Post-licensure surveillance of trivalent live attenuated influenza vaccine in adults, United States, Vaccine Adverse Event Reporting System (VAERS), July 2005-June 2013.Vaccine. 2014 Nov 12; 32(48):6499-504.V
Trivalent live attenuated influenza vaccine (LAIV3) was licensed and recommended for use in 2003 in children and adults 2-49 years of age. Post-licensure safety data have been limited, particularly in adults.
We searched Vaccine Adverse Event Reporting System (VAERS) for US reports after LAIV3 from July 1, 2005-June 30, 2013 (eight influenza seasons) in adults aged ≥ 18 years old. We conducted descriptive analyses and clinically reviewed serious reports (i.e., death, life-threatening illness, hospitalization, prolonged hospitalization, or permanent disability) and reports of selected conditions of interest. We used empirical Bayesian data mining to identify adverse events (AEs) that were reported more frequently than expected. We calculated crude AE reporting rates to VAERS by influenza season.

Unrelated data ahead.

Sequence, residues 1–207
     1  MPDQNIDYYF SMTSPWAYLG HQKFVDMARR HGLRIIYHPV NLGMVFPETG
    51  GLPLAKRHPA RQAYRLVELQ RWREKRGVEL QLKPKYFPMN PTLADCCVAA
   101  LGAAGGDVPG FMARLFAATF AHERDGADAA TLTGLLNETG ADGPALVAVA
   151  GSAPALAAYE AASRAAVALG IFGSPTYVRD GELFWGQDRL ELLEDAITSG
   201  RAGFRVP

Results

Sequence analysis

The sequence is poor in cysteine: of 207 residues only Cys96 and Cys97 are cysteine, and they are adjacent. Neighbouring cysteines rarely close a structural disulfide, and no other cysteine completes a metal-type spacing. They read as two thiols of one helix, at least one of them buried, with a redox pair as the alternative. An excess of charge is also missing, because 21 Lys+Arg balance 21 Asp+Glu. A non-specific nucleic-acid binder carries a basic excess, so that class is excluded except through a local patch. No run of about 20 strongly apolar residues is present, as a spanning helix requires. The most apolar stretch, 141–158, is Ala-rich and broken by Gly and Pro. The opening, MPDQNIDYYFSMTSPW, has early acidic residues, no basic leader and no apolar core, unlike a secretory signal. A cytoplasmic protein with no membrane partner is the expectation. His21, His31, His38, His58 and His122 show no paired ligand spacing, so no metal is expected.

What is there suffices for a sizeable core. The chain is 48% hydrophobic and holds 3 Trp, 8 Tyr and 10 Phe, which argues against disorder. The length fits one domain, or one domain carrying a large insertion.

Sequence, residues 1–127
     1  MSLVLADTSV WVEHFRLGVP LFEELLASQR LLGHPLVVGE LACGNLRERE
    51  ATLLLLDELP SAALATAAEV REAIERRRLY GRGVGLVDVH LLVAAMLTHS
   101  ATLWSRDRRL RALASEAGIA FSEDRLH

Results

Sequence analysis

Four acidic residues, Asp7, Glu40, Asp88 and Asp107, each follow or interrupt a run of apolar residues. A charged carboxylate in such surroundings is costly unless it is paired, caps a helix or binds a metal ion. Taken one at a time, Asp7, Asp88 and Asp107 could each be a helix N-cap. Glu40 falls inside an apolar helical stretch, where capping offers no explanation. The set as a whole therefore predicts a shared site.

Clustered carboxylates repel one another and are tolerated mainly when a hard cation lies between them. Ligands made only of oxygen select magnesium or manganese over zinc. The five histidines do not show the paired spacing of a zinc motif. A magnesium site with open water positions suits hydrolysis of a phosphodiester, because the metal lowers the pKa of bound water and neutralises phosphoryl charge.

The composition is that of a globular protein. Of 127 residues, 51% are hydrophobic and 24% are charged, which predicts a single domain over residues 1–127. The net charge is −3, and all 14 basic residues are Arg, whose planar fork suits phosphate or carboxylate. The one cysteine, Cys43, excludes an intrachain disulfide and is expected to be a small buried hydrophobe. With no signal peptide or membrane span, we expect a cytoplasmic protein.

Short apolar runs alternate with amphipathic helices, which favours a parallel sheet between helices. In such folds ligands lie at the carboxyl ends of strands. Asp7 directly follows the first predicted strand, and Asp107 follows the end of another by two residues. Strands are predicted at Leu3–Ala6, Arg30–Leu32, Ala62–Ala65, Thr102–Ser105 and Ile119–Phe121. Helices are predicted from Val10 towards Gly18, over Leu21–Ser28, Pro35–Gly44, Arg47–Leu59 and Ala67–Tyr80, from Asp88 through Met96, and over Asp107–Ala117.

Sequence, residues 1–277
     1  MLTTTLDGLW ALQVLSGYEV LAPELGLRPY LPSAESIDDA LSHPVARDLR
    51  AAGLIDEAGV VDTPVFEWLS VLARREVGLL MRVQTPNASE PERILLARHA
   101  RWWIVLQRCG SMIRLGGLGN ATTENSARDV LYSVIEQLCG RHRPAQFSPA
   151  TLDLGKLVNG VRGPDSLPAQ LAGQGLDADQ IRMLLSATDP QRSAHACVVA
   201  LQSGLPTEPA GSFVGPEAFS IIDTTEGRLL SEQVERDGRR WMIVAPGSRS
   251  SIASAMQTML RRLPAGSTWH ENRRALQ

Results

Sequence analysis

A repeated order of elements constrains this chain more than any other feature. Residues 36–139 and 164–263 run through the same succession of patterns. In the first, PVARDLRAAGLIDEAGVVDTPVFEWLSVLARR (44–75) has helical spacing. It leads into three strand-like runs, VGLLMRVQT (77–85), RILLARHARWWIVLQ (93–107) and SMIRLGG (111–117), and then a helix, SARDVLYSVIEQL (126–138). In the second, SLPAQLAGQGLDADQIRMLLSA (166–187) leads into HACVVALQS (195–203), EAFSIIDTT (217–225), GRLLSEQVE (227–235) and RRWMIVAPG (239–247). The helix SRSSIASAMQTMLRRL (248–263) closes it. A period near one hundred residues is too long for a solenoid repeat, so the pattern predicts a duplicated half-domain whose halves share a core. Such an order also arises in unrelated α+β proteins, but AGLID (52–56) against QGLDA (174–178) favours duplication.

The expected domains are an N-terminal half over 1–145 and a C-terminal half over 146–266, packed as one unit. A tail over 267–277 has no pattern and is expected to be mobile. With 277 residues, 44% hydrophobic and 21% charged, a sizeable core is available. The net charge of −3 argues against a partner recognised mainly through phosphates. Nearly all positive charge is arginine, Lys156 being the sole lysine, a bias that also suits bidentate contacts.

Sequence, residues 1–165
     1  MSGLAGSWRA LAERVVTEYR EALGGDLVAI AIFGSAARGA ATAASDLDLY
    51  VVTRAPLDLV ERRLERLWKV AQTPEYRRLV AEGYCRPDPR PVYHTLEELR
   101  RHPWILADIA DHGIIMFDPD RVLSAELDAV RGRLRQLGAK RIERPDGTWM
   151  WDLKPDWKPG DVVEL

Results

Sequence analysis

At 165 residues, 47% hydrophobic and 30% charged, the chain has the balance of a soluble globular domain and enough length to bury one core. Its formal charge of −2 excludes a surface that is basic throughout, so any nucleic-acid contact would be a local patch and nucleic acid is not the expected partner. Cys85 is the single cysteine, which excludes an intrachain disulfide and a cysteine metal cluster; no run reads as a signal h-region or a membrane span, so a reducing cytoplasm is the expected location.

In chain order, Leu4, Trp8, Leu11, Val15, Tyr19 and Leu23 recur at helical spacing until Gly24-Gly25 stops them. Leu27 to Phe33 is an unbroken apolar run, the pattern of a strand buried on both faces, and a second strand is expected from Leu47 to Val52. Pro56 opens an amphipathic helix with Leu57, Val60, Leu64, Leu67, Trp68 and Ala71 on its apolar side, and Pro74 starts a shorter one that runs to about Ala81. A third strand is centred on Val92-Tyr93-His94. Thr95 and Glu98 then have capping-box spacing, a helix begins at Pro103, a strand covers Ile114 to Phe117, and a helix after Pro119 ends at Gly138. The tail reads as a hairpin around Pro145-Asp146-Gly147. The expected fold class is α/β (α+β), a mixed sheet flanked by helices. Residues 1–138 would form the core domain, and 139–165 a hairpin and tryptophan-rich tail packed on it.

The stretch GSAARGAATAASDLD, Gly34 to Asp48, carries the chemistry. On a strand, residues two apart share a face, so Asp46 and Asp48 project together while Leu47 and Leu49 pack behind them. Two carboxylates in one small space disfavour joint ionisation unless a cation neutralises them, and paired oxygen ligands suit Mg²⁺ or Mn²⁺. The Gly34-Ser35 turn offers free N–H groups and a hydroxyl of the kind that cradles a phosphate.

During the study period, VAERS received 1207 LAIV3 reports in adults aged 18-49 years old; 107 (8.9%) were serious, including four death reports. The most commonly reported events were expired drug administered (n=207, 17%), headache (n=192, 16%), and fever (n=133, 11%). The most common diagnostic categories for non-fatal serious reports were neurological (n=40, 39%), cardiovascular (n=14, 14%), and other non-infectious conditions (n=20, 19%). We noted a higher proportion of Guillain-Barré syndrome (GBS) and cardiovascular reports in the Department of Defense (DoD) population compared to the civilian population. Data mining detected disproportional reporting of ataxia (n=15); clinical review revealed that ataxia was a component of diverse clinical entities including GBS.
Review of VAERS reports are reassuring, the only unexpected safety concern for LAIV3 identified was a higher than expected number of GBS reports in the DoD population, which is being investigated. Reports of administration of expired LAIV3 represent administration errors and indicate the need for education, training and screening regarding the approved indications.